So the fat lady has sung. The Verbier Ride 2003 is officially over. This year’s freeski festival was a celebration of skiing’s new wave and a competitive showcase for both the riders and their sport.
With the support and partnership of TeleVerbier and Verbier Tourism and event sponsors, Dainese, The North Face, Ortovox and Snow and Rock, the Verbier Ride team delivered a world-class freeski event.
Big Mountain Freeride
The Big Mountain Freeride, held on the steep slopes of Mont Gele, proved a fitting finale for the inaugural IFSA Freeskiing European Tour. Snow conditions were tough, but the riders still laid down incredible lines, nailed 40foot+ cliff drops and generally wowed the crowds with their skill, power and courage.
Head Judge, Francine Moreillon, was particularly impressed by the professionalism of the riders. “Everybody skied hard, but also skied responsibly. They put on a great show up there.”
British rider, Jason Schutt (Dynastar), showed his talent with an impressive 6th place in the elite international field. In the end, though, French riders, Romaine Raisson and Thomas Diet, stole the show. Diet is the new protégé of French freeriding and, at only 18, one of the brightest stars of the future. Raisson is an established figure and one of the smoothest riders on the circuit. He edged Diet into second place with two blistering runs.
The ladies event came down to a matter of 2 points, as German rider, Steffi Franck (Dynastar) fought hard in the final run to catch up Norwegian, Marte Lise Karlsen (Extrem). Karlsen had done just enough on the first day however, and held on to win.
The Verbier Ride SkierCross was a designated Winter X-Games 2004 Qualifier. This gave Warren Smith a good excuse to seek out the services of course-shaping guru, Nicolas Voudroz. The designer of the Skiercross World Championship course, Nicolas laid on the most spectacular course Verbier has ever seen.
Although the event start-time was delayed due to a combination of logistical issues and rider-proposed course alterations, this actually gave the course time to soften up a little in the sun. With less concern over safety off the big kickers Nicolas had included, the riders were finally able to let rip on this super-fast course.
With the X-Games place up for grabs, competition was particularly fierce in the men’s event. Norwegian, Frederik Lutkyis (Dynastar), eventually won the right to be in Aspen next year. His focus was unwavering and he was never headed in any race. Afterwards, his elation was clear. “This is the best moment of my skiing life!” he stated.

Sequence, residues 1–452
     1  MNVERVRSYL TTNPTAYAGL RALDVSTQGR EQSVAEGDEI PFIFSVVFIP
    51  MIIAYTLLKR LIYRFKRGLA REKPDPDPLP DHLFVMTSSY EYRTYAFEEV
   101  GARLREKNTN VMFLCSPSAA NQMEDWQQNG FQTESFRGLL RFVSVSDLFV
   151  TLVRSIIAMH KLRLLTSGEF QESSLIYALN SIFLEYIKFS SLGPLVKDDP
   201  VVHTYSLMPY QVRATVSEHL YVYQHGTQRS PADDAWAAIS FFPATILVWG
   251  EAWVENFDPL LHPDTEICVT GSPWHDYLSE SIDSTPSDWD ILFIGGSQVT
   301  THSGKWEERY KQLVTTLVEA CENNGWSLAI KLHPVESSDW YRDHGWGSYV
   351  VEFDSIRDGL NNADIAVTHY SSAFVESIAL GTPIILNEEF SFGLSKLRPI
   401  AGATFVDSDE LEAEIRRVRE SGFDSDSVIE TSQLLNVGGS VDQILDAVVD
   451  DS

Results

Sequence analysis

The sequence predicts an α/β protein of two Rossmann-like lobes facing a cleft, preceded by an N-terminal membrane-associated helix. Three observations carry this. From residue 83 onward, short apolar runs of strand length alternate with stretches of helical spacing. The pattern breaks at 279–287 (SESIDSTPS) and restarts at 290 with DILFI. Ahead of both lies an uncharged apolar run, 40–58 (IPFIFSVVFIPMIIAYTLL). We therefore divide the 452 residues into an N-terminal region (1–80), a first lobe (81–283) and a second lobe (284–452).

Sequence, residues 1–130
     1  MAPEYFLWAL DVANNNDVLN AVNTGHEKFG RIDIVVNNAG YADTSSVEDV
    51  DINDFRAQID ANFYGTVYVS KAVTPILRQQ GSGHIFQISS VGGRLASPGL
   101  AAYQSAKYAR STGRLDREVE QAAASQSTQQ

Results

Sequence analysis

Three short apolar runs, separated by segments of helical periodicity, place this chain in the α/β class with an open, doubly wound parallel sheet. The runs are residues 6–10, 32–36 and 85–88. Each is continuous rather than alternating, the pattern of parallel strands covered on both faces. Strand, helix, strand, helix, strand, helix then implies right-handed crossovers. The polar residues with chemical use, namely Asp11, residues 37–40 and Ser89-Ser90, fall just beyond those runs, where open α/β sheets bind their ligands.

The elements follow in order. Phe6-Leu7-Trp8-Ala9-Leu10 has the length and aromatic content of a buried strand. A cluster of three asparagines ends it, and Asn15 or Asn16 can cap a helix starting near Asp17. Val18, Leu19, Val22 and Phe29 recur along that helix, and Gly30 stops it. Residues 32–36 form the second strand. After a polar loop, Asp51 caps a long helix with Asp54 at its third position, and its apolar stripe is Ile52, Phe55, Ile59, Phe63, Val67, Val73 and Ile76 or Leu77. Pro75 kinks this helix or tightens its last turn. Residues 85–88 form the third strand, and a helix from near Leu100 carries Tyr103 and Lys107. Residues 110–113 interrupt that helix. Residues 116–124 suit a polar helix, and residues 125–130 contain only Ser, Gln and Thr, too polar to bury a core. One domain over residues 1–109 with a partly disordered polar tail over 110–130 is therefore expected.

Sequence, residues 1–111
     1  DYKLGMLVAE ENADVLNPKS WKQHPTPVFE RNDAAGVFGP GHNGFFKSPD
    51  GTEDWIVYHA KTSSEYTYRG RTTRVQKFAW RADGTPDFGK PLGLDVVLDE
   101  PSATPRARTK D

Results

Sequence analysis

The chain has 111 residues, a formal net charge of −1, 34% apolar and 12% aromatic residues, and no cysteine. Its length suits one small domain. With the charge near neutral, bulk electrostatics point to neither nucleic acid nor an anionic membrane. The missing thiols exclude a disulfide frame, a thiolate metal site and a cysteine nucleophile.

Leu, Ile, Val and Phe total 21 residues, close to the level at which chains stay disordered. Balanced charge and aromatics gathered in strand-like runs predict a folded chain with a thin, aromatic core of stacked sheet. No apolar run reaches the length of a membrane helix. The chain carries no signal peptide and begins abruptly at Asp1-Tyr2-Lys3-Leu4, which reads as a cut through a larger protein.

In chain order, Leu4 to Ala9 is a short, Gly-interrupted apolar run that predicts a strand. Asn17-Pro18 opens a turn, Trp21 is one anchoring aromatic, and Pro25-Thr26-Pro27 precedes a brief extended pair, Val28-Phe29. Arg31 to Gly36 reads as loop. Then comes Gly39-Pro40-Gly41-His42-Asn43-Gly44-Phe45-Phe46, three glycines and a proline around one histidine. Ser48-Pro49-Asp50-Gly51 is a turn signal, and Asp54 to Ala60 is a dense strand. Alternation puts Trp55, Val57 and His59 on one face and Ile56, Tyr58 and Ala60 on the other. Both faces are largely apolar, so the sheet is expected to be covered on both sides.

In the ladies’ skiercross, a triple fall in the final run, left the race wide open. Martina Renschler (Head) recovered fastest to record the victory.
Slopestyle Jam Session
The Slopestyle Jam session on the final day of the Verbier Ride 2003 was a change of pace from the frantic action of the Slopestyle. The course designed by Yannick and his TeleVerbier shaping crew was fluid and imaginative, allowing the riders a range of options with which to express their creativity on the slope.
The atmosphere was chilled and the vibe very positive amongst the riders. This showed as they inspired each other to ever more spectacular tricks.
In the end the D-spin 7s and 9s of Ben ‘Skinner’ Murphy (Adidas Eyewear) won the day. UK rider, Andy Bennett (Line, Fat Face) misty-flipped himself into 2nd and local rider, Matteas Eisenschwanz, finished off the podium placings.
All in all, the Verbier Ride 2003 was a great success. Leading freeskiers from around the world gathered to showcase the sport and judging from the whoops and cheers of the crowds, their efforts were much appreciated.
With PlayKids Productions chronicling the event both for TV and Snows in the House 2 and Quattro Media handling the TV distribution, there will be ample opportunity foor people to catch up with any action they missed over the next few months. Check back regularly with www.verbierride.com to view updated broadcasting schedules.
Freeskiing may not be about competition, but competition is an integral part of freeskiing. Such a progressive sport needs events, not only for the media coverage they generate, but also because the fusion of riding talents in the theatre of competition generates an intensity and inspiration capable of pushing the sport to the next level. Riders feed off the energy of such events and take the vibe back to their home playgrounds.
The Verbier Ride is founded on this core spirit. It remains a festival of freeskiing for freeskiers. It just happens to have evolved into a world-class competition. With the support of resorts and the industry, such events will continue to drive freeskiing and freeskiing will continue to shape the wintersports industry as a whole.
Leading the way next year will be the Verbier Ride 2004.
(c) Phil Martin